Case Study on Pan-Electric Crisis.
The Pan-Electric crisis is significant, if nothing else, as the reason the Singapore Stock Exchange (SES) was closed for the first and only time in its history. The collapse of Pan-El following its huge debts and inability to make good on forward contracts precipitated a systemic crisis that threatened the entire then-nascent stockbroking industry.
What makes the Pan-El crisis memorable to most people, as well, is the human and political drama it involved - minority shareholders, with whom Pan-El had been a hot favourite for its many price fluctuations, saw their savings wiped out, while Tan Koon Swan's involvement as a leader on the Malaysian political scene brought about no small amount of cross-straits tension when he was arrested and convicted for fraudulent dealings involving Pan-El.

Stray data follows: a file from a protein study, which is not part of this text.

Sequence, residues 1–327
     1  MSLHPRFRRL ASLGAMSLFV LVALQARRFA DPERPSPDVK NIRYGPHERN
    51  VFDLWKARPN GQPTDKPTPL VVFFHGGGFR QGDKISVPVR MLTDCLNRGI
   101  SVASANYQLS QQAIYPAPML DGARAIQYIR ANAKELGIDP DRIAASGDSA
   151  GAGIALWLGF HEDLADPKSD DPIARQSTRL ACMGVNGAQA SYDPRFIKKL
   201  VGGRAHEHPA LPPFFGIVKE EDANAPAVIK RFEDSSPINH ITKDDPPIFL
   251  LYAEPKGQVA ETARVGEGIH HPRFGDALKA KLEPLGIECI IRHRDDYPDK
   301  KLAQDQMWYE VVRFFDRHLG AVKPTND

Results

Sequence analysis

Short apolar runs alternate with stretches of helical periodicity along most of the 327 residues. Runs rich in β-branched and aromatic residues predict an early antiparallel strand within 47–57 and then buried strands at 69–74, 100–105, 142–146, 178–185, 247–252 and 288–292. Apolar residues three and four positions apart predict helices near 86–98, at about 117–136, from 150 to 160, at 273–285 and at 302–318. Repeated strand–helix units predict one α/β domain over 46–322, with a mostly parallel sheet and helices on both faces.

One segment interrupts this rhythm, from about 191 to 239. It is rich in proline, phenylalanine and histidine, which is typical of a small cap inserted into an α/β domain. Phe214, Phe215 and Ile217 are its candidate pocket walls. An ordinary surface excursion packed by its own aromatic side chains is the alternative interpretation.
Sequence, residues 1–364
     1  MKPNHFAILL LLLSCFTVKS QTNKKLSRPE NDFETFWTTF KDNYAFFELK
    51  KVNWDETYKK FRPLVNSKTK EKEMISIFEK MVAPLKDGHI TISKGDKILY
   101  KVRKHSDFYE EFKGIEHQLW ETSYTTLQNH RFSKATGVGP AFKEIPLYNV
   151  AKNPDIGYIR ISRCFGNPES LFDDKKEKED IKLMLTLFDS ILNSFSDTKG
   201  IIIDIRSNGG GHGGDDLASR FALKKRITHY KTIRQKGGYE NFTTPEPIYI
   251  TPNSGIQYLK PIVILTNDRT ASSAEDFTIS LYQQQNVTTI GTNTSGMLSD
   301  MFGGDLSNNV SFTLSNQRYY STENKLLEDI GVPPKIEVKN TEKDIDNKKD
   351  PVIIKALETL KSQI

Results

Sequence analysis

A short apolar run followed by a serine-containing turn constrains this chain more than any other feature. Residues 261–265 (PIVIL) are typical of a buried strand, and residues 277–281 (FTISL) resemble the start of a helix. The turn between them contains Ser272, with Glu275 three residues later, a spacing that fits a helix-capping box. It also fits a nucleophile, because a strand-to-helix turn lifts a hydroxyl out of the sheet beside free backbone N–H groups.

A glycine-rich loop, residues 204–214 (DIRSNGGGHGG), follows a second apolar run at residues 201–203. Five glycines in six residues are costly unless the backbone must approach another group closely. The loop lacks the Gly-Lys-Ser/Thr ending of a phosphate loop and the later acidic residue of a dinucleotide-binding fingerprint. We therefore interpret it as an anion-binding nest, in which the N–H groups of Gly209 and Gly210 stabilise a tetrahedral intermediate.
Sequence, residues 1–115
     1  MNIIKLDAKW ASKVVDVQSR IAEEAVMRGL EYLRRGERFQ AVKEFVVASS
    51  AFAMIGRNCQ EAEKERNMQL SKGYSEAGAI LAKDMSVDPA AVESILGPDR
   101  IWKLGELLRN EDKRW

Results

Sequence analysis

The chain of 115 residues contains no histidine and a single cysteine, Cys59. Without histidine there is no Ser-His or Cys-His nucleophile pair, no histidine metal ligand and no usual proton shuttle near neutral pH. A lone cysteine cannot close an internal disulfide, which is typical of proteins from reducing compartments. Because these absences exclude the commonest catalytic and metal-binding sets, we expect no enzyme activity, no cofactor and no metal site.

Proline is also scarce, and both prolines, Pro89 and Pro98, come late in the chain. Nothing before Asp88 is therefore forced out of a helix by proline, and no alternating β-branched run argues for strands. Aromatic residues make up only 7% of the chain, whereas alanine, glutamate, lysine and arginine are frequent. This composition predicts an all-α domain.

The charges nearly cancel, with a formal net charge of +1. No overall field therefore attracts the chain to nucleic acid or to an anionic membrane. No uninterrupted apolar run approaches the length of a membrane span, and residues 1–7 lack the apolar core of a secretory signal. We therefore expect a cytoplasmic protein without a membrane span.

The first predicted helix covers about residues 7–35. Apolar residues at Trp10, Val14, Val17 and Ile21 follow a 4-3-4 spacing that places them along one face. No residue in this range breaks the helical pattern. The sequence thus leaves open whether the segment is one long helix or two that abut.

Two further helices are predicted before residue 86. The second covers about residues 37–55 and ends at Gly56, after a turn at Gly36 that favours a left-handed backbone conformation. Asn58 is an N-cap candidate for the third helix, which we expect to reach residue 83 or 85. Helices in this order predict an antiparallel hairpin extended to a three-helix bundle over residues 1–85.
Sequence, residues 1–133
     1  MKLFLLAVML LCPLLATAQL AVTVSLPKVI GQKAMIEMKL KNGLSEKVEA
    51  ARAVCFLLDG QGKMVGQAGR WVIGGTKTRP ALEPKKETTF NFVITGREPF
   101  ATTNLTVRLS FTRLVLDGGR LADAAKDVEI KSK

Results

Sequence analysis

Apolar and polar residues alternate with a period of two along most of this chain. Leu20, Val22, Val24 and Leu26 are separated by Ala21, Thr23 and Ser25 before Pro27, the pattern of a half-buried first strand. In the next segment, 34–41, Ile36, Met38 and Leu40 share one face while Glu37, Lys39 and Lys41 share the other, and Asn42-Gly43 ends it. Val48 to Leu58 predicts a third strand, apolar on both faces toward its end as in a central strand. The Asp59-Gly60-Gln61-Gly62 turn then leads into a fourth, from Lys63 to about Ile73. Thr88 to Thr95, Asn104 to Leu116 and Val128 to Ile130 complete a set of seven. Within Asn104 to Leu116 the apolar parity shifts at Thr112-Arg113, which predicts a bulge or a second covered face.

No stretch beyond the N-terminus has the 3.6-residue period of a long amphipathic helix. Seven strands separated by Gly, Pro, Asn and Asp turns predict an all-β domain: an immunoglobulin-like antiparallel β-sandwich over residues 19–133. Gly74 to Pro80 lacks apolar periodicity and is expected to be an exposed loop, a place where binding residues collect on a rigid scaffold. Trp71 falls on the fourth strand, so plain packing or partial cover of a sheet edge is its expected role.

This paper examines and evaluates the three main policies enacted by MAS in the face of the Pan-El crisis - closure of the SES, setting up of the lifeboat fund, and our communications strategy. This exercise is carried out in the context of the regulatory regime at the time of the crisis, using a crisis management framework that focuses on two criteria - effectiveness and cost. By the end of the paper, the reader should have a much better idea of the facts surrounding the Pan-El crisis and, more significantly, the lessons that should be learnt from such an experience as they apply to crisis prevention and crisis management.
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